We will not write out a rigorous proof for subtraction, given that it can be done mentally by imagining a negated function or retracing the addition proof with subtraction instead.
Product
This proof works similarly to the previous proof, except that this proof requires the addition of extra terms which zero out when added together. This is a normal algebraic trick in order to derive theorems, which will be further used in the latter theorems in this chapter.
Product of a Constant
For this proof, we will present it using two different methods.
The first method requires only the limit theorem that a constant multiple is equivalent to the limit being multiplied by the constant.
The second proof requires applying the product rule and constant function for differentiation.
Reciprocal
Like the other proofs before, this one will also invoke the definition at a certain point to simplify the statement into a concise, memorizable format.
Division
This proof borrows the reciprocal proof and the multiplication proof to form an easy to follow rationale.
Chain Rule (Function Composition Theorem)[edit]
Given two functions f and g such that f is differentiable at and g is differentiable at a, then
Proof Part 1
Unlike the previous properties, the chain rule will quickly become problematic and will definitely require an external theorem outside of algebraic manipulations to solve. To illustrate why a new theorem is required, we will begin to prove the Chain Rule though algebraic manipulations, point out the road block, then create a lemma to guide us around the issue, and thus figure out a proof. We begin with the following statements:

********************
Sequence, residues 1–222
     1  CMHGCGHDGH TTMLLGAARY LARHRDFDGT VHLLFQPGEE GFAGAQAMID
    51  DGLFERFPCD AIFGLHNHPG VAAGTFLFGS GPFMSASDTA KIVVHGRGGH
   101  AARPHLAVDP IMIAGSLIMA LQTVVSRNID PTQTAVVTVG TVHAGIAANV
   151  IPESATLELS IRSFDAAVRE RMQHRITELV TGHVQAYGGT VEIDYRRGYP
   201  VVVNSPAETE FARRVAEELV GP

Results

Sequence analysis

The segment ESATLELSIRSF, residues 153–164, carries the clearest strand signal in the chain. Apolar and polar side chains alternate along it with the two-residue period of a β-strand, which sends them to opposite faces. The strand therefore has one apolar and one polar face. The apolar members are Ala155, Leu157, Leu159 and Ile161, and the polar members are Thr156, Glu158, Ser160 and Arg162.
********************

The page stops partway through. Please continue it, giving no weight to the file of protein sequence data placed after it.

The problem is that may be zero at points arbitrarily close to x, and therefore would not be continuous at these points. Thus we apply a clever lemma as follows:
Caratheodory's Lemma[edit]
Let
We say that is differentiable at if and only if there exists a continuous function that satisfies
Proof
()Let be differentiable at and define function such that
for and
It is easy to see that is continuous and that it satisfies the required condition.
() Let be a continuous function satisfying
For all , we have that
As is continuous, , that is,
which implies that is differentiable at
Proof Part 2
Let be differentiable at
Let be differentiable at
Let the domain of f be a subset of the image of g.
Then,
 is differentiable at
Caratheodory's Lemma implies that there exist continuous functions such that and
Now, consider the function . Obviously, is continuous.
Also, it satisfies . Hence, by Caratheodory's Lemma, is differentiable at and that
Exercises[edit]
Here are some exercises to expand and train your understanding of the material.
 Find the derivatives of the following functions:
 A function of the form ƒ(x) = x^{n}
 Polynomial
 Trigonometric
 Exponential
 Logarithmic
 In this chapter you have learned that being able to take the derivative implies that the function is continuous at that point. Given this, please read Higher Order Derivatives before solving these problems
 Prove whether that the second derivative at a is also continuous at a
 Prove whether that the n^{th} derivative at a is also continuous at a
 Some of the most popular counter examples to illustrate properties of continuity and differentiability are functions involving
 Prove that is not continuous at
 Prove that the function is continuous but not differentiable at
 Prove that is differentiable at